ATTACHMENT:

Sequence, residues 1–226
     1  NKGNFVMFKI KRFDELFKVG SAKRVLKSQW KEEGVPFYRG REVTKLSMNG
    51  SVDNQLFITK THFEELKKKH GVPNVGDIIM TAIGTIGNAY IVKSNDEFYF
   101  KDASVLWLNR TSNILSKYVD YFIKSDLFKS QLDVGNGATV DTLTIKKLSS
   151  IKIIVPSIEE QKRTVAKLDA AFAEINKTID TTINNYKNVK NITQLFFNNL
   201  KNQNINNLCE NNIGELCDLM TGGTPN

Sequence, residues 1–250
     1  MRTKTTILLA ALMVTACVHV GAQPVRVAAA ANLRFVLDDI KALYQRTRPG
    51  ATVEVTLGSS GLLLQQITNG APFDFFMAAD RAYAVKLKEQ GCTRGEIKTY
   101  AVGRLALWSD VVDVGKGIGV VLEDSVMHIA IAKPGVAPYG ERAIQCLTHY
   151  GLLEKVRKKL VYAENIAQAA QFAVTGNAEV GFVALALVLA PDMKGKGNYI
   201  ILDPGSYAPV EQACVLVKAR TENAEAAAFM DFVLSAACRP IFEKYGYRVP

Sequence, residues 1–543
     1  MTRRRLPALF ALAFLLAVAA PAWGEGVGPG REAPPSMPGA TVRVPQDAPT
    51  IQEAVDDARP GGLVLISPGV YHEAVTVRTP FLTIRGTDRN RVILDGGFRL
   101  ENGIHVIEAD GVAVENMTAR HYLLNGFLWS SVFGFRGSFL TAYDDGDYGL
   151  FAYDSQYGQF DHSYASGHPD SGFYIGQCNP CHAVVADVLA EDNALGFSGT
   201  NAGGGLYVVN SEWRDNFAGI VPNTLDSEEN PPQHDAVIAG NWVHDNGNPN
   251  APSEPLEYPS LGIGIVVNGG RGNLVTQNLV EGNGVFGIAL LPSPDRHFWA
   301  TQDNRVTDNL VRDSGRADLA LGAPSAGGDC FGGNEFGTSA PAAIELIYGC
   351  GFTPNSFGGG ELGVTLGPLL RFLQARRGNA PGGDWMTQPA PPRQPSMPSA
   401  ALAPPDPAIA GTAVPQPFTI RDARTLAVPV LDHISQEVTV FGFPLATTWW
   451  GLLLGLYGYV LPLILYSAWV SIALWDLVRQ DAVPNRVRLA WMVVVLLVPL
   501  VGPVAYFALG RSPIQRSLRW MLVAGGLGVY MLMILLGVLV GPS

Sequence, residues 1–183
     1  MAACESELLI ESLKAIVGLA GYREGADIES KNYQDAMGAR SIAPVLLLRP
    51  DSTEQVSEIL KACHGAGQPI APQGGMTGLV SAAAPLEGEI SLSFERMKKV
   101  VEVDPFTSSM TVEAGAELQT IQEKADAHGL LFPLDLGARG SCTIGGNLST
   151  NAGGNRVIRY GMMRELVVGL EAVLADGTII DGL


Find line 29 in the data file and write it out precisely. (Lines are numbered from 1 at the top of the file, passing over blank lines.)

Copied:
   151  NAGGNRVIRY GMMRELVVGL EAVLADGTII DGL